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Part O Regulations:

Specifying Awnings to Comply

Specifying awnings and blinds to comply with Part O regulations

The increased addition of glass in particular large glass windows in both domestic and commercial properties aligned to rising temperatures across the globe is certainly something that is more and more a required element when looking at building design. The Met Office recently confirmed that 2023 was the warmest year on record, and with no sign of it slowing down, Part O building regulations were introduced in June 22 with the aim of preventing overheating within residential properties in the UK.

We’ll take a look at how Awnings and Vertical Blinds can play a key role in helping architects and contractors comply with the latest regulations and help reduce internal heat gain.

Patio awning with side awning
  1. The key details around Part O

    The main aim of Part O is to limit overheating by reducing the level of solar gain entering buildings.  Done effectively this will reduce reliance on air conditioning systems, thus reducing the carbon footprint of the building by reducing CO2 emissions.

    Introduced in June 2022, Part O stresses that “The building should be constructed to meet [the] requirement using passive means as far as reasonably practicable… Any mechanical cooling (air-conditioning) is expected to be used only where [the] requirement cannot be met.”

  2. About Awnings & Blinds

    Part O regulations identify Awnings & Blinds in sections 1.9 and 2.7, as “acceptable strategies for reducing overheating risk.”

    The benefits of using Awnings and Blinds to counter heat gain

    Being installed on the external façade means Awnings & Blinds are a much more efficient way of reducing solar gain.

    Fabric Awnings or blinds not only offer an effective barrier against solar gain, but also add to the aesthetic of the building, adding style and colour where it may not have existed before.

    They work by preventing heat gain during extreme summer temperatures, or allowing sunlight in during colder months, meaning when it is a colder day the sunlight can naturally warm the space.

    By regulating the amount of heat entering the building, means your building is less reliant on air conditioning units and central heating, saving on bills and reducing the carbon footprint of the building, meaning your project is not only more environmentally friendly but more energy efficient and will help to reduce running costs..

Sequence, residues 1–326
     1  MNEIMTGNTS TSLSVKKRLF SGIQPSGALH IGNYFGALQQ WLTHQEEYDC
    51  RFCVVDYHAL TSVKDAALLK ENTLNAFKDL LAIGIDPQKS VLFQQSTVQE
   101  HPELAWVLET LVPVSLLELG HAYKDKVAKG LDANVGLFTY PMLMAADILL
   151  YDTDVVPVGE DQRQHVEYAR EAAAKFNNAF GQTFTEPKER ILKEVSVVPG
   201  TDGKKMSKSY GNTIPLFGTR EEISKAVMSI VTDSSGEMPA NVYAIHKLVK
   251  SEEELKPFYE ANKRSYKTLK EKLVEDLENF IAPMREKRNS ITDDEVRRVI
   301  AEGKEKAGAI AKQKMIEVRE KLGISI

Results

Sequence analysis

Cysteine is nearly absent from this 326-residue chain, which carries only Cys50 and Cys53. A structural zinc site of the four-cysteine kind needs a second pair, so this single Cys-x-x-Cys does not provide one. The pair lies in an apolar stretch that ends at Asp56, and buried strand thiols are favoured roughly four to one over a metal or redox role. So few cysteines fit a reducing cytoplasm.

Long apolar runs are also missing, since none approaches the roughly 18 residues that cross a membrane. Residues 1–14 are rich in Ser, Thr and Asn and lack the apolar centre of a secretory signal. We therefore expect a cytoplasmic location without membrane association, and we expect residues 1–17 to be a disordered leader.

3. What challenges does this pose to specifiers

    As architects and contractors you bear the responsibility for ensuring this regulation is incorporated into your design, but it can, and often is, difficult to manage creativity with compliance, especially in the eye of the customer.

    Using Awnings or Blinds to meet Part O regulations requires some consideration at the planning stages, but nothing that can’t be overcome.

    Aesthetically external shading such as awnings and vertical blinds as well as louvres and shutters are commonplace across Europe, but less commonplace here in the UK.  So explaining the key benefits to the customer is essential to successfully incorporating shading into your design.

    From an installation perspective fixing details and wiring need careful consideration, but our team of experts are on hand to work with you to explain the nuances and provide solutions to suit your project.

  4. Consideration for Specifiers

    When looking at which products to specify around Part O there are a number of areas to consider.

    Visual Appeal:

    You need to think about whether you are after maximum performance, or visual appeal.  Fabric awnings and vertical blinds can be very complimentary to the aesthetic appeal of the project, and have a very versatile operation allowing phased shading coverage.

    With hundreds of fabric options and dozens of frame/cassette colour options available you can be quite creative with this form of shading solution.

    How to Fix

    Awnings can be face fixed or recessed, with the latter requiring a lot more thought and planning.  A recessed awning gives a cleaner look but can lead to problems around servicing or maintenance.  A face fixed awning can be designed to complement the façade of the building.

    Vertical blinds again can be either face fixed or recessed, but always look neater recessed, giving a seamless look to the development.  Again key consideration needs to be given to operation type and any wiring needs.

    It is always recommended to consult with an industry expert, such as one of our installers or surveyors when specifying awnings for your projects.

    If you’d like to know more about how fabric awnings and vertical blinds can benefit your residential projects in relation to Part O, contact us HERE and our Commercial sales team will be happy to help.

Get In Touch:

To learn more and talk to one of our experts about how we can tailor a solution to your needs, get in touch today.

email us on hello@rochesystems.com

or call us – 0800 060 8844